Fundraising and Prostitution (a phony comparative analysis)

I’m sitting on my flight back to Seattle and rather than getting in some much needed shut-eye, my wheels are turning again.
I’ve decided to stop trying to fundraise from accelerators, Angels, and VC’s. Sure, I’ve only applied to a handful of things so this may seem premature, but the experience itself has proven not to be for me and after yet another rejection email this morning, I feel free enough to make a shift.
Over the last several months, I’ve gone from experiencing the joy of seeing my real-life fairytale of a company come to fruition, to feeling like a broken down, used up .
The thrill of being able to finally and legitimately use the phrases “raising a round,” “fundraising,” “pitching to investors,” “talking to VC’s” was like seeing a breathtaking horizon that led me into a zombie-like trance in their general direction.
But rather than coming out enlightened, directed, and connected, I am realizing the fatal flaw of early, pre-product-market-fit fundraising – you stop working on what you are good at and what you know, and become more like a prostitute on a crowded and desperate street corner.
Though I’ve never been a “real” prostitute (and truthfully have nothing against someone consensually participating in the field), I had one bizarre close encounter.
At 14 years old, I desperately wanted to fit in. I had been overweight my entire life and due to going through puberty at age 6 1/2, I had a face full of pimples at 7 and a host of other bodily changes that readily allowed my peers to ridicule every aspect of my being.
So I started hanging out with the “wrong” crowd. After all, they were misfits as well and we were collectively disillusioned by our lack of self-worth. One evening, I found myself hanging out with a group of my young teenage friends and some 20-something-year-old guys.
I didn’t have much experience with drugs or alcohol and so when one guy asked me if I wanted to smoke pot, I thought “sure, why not.” That led to an insatiable thirst called cotton mouth and so the kind gentleman very graciously handed me something to drink and told me it was iced tea.
It was iced tea alright – Long Island iced tea. And after chugging that down, completely unaware that there was alcohol in it, I was quite drunk and at their disposal.
The details are fuzzy, but I found myself standing outside at one point in the beach flats of Santa Cruz with my young friend and some older guy. He was trying to convince us to go along with the story he was about to tell to the middle-aged man standing in front of a motel who barely seemed to speak a word of English.
After trying really hard to regain some level of cognitive understanding, I began to realize what was really going on. The 20+ year old guy was trying to sell my friend and I as prostitutes to the Spanish-speaking man in exchange for cocaine. He kept trying to “reassure” us that we weren’t really going to be prostitutes because his grand plan was to stab the man after getting the cocaine and then we would all go off to have fun and party.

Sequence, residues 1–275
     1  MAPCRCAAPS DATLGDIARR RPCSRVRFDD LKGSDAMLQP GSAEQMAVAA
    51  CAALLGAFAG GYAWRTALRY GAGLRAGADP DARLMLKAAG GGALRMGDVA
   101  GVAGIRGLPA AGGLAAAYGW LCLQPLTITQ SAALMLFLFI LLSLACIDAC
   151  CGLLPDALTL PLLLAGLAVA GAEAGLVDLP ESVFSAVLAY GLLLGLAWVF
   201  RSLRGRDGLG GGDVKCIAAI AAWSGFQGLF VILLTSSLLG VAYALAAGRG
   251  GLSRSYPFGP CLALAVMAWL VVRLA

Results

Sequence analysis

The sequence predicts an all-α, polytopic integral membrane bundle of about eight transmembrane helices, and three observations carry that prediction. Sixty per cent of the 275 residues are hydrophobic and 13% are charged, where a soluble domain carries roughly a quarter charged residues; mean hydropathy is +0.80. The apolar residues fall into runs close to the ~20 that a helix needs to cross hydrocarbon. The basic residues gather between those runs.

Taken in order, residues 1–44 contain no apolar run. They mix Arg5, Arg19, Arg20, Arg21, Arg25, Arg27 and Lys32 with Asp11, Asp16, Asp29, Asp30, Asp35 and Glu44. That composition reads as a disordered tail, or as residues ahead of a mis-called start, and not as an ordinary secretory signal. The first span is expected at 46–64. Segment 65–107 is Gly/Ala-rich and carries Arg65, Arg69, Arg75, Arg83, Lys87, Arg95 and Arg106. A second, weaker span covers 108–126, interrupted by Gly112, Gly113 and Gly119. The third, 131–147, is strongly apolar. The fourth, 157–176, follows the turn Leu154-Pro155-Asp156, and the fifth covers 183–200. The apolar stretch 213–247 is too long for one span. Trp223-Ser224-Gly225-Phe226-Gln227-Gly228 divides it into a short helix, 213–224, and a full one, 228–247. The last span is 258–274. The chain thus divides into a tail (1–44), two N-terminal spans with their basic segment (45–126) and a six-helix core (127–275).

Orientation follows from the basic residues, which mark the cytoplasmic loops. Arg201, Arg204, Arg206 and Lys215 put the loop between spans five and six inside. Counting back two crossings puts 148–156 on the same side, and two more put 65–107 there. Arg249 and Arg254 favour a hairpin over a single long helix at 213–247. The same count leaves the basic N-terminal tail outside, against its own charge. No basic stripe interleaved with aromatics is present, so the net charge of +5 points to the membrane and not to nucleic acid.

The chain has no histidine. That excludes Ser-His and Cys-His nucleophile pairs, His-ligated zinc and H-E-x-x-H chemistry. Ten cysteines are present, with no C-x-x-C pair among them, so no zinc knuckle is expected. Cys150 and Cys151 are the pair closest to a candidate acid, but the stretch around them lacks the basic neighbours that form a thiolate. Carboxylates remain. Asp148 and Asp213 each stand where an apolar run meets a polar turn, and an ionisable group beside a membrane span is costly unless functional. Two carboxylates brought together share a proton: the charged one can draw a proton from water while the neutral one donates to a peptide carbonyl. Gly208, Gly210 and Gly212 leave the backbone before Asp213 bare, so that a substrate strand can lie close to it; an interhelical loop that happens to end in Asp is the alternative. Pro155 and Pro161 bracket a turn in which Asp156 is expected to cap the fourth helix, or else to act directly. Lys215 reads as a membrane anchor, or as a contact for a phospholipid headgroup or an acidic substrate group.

Uh…WHAT?!? It was that explanation that shot one potentially life-saving lucid moment through my head: get the fuck out of there. Any way you can. Just get the fuck out.
And so I made an excuse that I was going to barf and just needed to go to the bathroom real quick. It was there that I discovered another young best friend of mine had shown up and after telling her what was happening, we huddled together on the floor hidden by the bed until we found an opportune time to escape.
Now I know you may be thinking that my story has unraveled into a nightmare that has nothing to do with fundraising for a startup. And yes, to some degree, you are correct. But in my case, my life has shown me again and again, that when I try and fit who I am into a box that others will laud, like, and respect, I have lost sight of my unique contribution to this world: me.
Over the last several months as I dabbled in fundraising, I discovered that many many people do not get what I do or what I am trying to build. They do not understand my vision and admittedly, I struggle with trying to clearly explain it. So I tried pairing it down, I tried likening it to other companies, I even tried downright changing what we do and how we do it.
But those were not me, and I will not serve anyone – not even the investors – if I am accepted for what I am really not. I must press on as myself. I did not spend the last nine years building a ship only to steer it to someone else’s promise land.
Most investors – most people – do not have the unique life experiences I have had. They do not know the true joy of a welfare Christmas, the relief of getting “adopted” for a holiday so you can manage to hand your kids a gift, the Thanksgiving dinners in an AA hall because you needed the food and they needed to not drink.
And so they will never see what my vision is – to destroy a corrupt social services system that does not serve the poor but instead punishes them for experimenting with self-sufficiency and calls connecting people with welfare-to-work, Bill Clinton era, poverty-wage jobs “success.”
And that’s okay. And I do not judge them. And I do not envy them.
It has been said many a time that choosing an investor is like getting married. And I want a happy marriage. Someone who gets me. Who sees something deep and powerful behind my often sad and heavy eyes. And until I find that person, that investor-soul-mate, or even if I never ever do, I shall remain happily single and content with being a very mangled shape in a square and circle world.

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